A prenuptial agreement, (or prenup) is a written record, or contract, agreed between a couple prior to marriage. The key purpose of a prenup is to provide clarity regarding ownership of assets and to determine how those assets should be divided in the event that the marriage irretrievably breaks down.
Prenups are often associated with the rich and famous but it is not the case that they are only relevant to the wealthy, they can offer a practical and sensible solution to many people particularly those marrying later in life or entering a second marriage.
For example, one party may own a property and wish to ensure it is left to their children, maybe one or both have accrued a sizeable pension prior to the relationship or stand to inherit a large sum in the future. A prenuptial agreement, where it is properly executed, can be very effective in preventing your partner from automatically receiving a share of your assets should there be a divorce. They can also help to minimise the possibility of disputes and protracted litigation later down the line.
What is a pre nup?
Prenups are most commonly used to determine the agreement with regards to the family home or other property owned by either party, savings, investments and inheritance but they can also include business assets, premium bonds, stocks and shares and even determine what should happen with regards to any family pets.
Prenups can also be helpful where your partner has outstanding debts, as a clause can be written into the agreement protecting you from being liable for their debts.
Whilst prenups are not strictly enforceable in England and Wales at present, the Courts generally give such agreements significant weight and will largely seek to uphold them providing the agreement is considered fair in all the circumstances of the case. Certain precautionary steps must be taken to ensure the agreement is upheld. These include ensuring the agreement is drafted correctly, each party has provided full and frank financial disclosure to their intended and both parties have entered the agreement voluntarily after seeking independent legal advice.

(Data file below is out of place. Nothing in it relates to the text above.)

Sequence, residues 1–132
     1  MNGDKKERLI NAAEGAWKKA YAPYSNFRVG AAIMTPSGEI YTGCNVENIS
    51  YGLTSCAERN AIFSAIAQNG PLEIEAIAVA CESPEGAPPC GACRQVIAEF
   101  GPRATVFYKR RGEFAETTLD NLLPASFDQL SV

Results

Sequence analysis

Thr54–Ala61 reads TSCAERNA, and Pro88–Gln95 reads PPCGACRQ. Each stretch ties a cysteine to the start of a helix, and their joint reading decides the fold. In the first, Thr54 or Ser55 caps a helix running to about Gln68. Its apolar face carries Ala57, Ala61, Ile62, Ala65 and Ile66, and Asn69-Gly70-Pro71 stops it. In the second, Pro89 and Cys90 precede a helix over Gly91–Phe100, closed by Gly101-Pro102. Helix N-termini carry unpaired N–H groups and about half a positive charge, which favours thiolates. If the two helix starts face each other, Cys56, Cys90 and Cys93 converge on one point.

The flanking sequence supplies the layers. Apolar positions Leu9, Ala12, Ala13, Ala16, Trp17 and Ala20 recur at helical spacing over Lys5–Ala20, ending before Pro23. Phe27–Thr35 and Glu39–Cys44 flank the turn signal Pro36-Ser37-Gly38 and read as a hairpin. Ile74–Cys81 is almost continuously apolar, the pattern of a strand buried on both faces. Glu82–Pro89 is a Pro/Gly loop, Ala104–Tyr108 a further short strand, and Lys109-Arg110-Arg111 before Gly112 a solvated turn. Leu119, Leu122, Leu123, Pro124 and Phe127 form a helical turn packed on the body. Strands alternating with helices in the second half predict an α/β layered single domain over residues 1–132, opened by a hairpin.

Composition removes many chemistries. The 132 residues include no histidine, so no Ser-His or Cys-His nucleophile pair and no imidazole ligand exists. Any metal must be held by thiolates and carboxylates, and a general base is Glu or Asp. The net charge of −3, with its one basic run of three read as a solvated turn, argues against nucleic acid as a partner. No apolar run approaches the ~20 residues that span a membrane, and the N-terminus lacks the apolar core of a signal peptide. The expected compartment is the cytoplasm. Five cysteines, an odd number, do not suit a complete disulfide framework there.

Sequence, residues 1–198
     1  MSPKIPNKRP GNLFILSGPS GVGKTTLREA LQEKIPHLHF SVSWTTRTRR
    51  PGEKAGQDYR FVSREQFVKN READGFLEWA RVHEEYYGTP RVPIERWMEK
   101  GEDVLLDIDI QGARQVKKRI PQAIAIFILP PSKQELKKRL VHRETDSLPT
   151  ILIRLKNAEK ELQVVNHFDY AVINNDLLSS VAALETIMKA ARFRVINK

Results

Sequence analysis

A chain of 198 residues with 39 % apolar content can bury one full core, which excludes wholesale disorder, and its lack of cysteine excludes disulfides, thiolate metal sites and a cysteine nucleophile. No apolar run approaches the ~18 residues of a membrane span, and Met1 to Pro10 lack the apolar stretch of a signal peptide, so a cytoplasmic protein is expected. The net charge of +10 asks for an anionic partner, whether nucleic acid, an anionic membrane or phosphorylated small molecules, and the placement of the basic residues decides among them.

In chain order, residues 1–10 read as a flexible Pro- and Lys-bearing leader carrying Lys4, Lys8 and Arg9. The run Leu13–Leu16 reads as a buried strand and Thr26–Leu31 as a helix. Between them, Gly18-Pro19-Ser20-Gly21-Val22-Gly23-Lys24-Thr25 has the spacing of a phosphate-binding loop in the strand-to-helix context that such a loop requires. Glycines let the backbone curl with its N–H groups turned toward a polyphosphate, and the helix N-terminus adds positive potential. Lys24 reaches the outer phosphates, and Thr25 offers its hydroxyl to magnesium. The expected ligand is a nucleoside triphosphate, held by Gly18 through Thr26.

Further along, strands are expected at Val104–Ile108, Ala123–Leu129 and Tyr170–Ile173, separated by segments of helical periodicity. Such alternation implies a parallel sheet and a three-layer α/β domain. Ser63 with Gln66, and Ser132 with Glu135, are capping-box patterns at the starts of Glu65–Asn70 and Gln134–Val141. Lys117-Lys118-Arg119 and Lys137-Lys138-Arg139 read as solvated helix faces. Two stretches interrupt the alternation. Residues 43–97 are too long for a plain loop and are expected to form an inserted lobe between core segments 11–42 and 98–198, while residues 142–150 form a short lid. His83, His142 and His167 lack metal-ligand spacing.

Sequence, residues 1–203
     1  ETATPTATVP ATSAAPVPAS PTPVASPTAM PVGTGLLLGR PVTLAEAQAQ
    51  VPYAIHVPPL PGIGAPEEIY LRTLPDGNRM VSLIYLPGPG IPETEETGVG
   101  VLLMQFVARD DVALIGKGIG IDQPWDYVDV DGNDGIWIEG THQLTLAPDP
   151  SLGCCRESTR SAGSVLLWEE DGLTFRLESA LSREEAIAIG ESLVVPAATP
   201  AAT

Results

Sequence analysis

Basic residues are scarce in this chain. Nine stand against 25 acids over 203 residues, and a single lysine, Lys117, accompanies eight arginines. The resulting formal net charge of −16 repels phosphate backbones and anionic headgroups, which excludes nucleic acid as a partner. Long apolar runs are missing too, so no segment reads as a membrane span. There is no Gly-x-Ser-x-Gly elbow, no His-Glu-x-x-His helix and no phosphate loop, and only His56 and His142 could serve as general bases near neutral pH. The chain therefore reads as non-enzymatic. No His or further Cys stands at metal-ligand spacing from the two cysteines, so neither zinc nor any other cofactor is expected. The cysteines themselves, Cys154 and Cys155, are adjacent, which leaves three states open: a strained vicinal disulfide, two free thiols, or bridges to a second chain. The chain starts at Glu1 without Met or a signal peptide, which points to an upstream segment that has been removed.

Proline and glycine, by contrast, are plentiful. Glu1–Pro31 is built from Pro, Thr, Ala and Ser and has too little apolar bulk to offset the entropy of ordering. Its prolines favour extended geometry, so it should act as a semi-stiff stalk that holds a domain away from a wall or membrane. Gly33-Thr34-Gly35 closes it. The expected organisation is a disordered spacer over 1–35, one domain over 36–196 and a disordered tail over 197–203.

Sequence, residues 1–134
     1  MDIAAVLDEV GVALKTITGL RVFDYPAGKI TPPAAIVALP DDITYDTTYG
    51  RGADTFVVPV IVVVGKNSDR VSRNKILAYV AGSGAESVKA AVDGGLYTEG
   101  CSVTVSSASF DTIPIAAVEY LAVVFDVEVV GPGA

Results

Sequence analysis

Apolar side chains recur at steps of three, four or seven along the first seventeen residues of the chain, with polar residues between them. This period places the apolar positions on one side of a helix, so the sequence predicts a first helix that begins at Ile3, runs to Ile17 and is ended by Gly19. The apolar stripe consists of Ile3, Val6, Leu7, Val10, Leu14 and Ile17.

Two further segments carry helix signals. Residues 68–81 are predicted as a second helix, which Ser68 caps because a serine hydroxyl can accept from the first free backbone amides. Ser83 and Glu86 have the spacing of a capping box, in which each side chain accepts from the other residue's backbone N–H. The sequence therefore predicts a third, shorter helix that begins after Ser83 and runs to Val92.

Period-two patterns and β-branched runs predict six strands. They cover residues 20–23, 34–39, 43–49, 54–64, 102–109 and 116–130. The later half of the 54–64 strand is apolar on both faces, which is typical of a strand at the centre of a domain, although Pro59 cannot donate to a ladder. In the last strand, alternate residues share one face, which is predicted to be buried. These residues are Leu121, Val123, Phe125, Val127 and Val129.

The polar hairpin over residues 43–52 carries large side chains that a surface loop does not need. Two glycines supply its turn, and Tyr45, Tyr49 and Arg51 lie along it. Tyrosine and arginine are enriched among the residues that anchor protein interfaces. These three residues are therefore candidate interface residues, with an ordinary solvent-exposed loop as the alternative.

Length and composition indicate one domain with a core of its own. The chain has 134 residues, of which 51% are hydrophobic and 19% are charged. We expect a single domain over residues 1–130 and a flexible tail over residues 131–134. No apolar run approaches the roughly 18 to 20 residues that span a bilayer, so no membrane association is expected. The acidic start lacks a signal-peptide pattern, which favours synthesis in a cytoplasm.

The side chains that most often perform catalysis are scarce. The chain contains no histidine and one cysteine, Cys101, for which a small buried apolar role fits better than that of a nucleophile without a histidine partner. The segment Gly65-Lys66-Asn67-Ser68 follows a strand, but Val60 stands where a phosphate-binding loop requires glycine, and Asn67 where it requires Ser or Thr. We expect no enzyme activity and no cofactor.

Where parties have taken the measures outlined above, set out an agreement which is fair and reasonable in all the circumstances and signed it at least 3-4 weeks before the date of the wedding it is more likely to be upheld.
The Courts would be unlikely to uphold a prenup in the following circumstances: where it was not written by a family lawyer; there was no financial disclosure exchanged between the parties; the parties did not seek legal advice; they did seek legal advice and were advised not to sign; there is any evidence of duress or pressure; it was signed less than a month before the wedding and it does not take into account any likely changes in the future i.e. ensuring the needs of any future children are met.
Prenups are often considered unromantic and whilst no one enters a marriage planning to get divorced, the sad reality is that many marriages do fail. If you have assets or children from a previous relationship it is sensible to consider a prenup. Where there is no prenup in place all the assets brought to the marriage can be considered for division.
We can help
If you are considering a pre nup, or have been asked to sign one, please contact the family team at Ringrose Law for advice and assistance.
Call 0333 3580 393 or email firstname.lastname@example.org